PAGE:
Surveys?? Already? Yuck!

As much as it pains me to do this while I still haven’t even started digesting last week’s election, I have been forced by UDN and China Times to start a page showing presidential race polling results.  Can we wait a while before we start that race?  Please?  I only want a month or two.  I’m just not psychologically ready for the next election to start yet.

In a related story, both polls asked questions about the shooting, and both found that about 4% of respondents claimed that they changed their behavior in reaction to the shooting.  However, this doesn’t mean you can just subtract 4% from KMT candidates’ vote shares to get the “real” vote (ie: what would have happened if the shooting had never occurred).  Some of the people who were mobilized to vote or changed their votes ended up voting for the DPP.  The net effect may have benefited the KMT, but these results suggest the effect was very small.  (Surveys can’t tell you whether the effect was 1% or 2% because those are statistically not different from each other.  However, we can probably be sure that the effect wasn’t over 5%.  At any rate, I’m going to stick with the qualitative conclusion of “small.”

5 Responses to “Surveys?? Already? Yuck!”

  1. Echo Says:

    “Some of the people who were mobilized to vote or changed their votes ended up voting for the DPP”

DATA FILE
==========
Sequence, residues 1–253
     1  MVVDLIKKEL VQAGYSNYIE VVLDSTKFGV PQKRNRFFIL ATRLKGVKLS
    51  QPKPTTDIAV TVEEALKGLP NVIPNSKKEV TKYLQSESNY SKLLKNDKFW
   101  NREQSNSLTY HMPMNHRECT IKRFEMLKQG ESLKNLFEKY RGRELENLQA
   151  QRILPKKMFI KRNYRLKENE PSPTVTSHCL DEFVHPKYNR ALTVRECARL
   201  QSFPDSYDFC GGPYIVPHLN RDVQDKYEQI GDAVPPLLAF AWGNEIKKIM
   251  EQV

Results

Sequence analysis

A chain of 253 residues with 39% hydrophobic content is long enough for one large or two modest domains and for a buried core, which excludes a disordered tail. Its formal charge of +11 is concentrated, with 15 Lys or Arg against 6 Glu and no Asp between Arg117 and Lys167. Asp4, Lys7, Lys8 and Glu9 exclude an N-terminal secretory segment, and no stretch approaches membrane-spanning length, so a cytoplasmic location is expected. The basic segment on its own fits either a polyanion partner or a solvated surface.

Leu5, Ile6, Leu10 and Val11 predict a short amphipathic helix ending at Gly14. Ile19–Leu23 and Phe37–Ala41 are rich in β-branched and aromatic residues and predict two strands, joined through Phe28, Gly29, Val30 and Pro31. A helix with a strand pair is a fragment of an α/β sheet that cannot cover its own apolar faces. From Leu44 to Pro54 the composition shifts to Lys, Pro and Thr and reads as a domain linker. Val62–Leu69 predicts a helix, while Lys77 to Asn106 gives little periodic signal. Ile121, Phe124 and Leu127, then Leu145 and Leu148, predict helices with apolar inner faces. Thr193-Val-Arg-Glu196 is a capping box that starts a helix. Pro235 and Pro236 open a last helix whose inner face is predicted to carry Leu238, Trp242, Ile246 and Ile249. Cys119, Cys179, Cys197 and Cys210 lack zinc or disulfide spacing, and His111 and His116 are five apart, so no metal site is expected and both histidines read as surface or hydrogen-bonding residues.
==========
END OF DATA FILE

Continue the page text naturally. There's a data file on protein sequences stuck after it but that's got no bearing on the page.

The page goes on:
Since you always insisted on solid evidence, the above sentence, written as a statement but not an opinion like “I believe …,” I would guess that you do have solid evidence for this, too ?

    • frozengarlic Says:

      The China Times survey asked people how they changed their behavior. There were some who weren’t going to vote but then decided to vote for the DPP. There were also some who changed their vote from KMT to DPP. Again, these are very small numbers and so we can’t really measure them very accurately with surveys. However, there certainly were people who said that they behaved in these manners.

  2. Echo Says:

    I believe the news below from the China Times is the one you quoted:

    http://news.chinatimes.com/focus/0,5243,50107372×112010112900064,00.html

    in which it says,

    連勝文槍擊案被視為影響五都選情的關鍵事件,由事後調查回溯五七九位五都市長選民的投票意向,自認受此槍擊案影響的票源約有四%。調查反映,有二%的選票流向國民黨候選人,但也有一%轉向民進黨,另有一%則是其他狀況。

  3. Jason Lee Says:

    The Thursday before the election, Hau was leading 52-48. A poll done after the shooting was reported at 8:50 P.M. on the news showed that Hau increased his lead to 54-46. An increase of 4 points.

    A poll was not done for Xinbei City after 8:50 P.M. on Friday but the poll the day before on Thursday showed 53-47 and the result was about 52.6% in favor of Chu so it appears the shooting did not impact Xinbei City but impacted the Taipei City race because of Lien’s close relationship with Hau Long-Bing. Also Lien Chan showed up at the Taipei City rally and made a plea so it’s plausible that it would help Hau’s support rate.

    It’s reasonable to believe that the shooting of Sean Lien would not impact races evenly all over Taiwan. He has nothing to do with candidates running in Taichung and Southern Taiwan.

    So it’s open to interpretation whether the DPP would have won or not in Taichung without the shooting. I don’t think the shooting would have impacted Taichung voters much because it doesn’t have anything to do with them. I think Hu just barely hung on, but if the election campaign had continued another week, perhaps the DPP candidate Su Jia-Chuan may have pulled ahead. He clearly won Taichung County and may have gotten even more support in Taichung City if he had more time.

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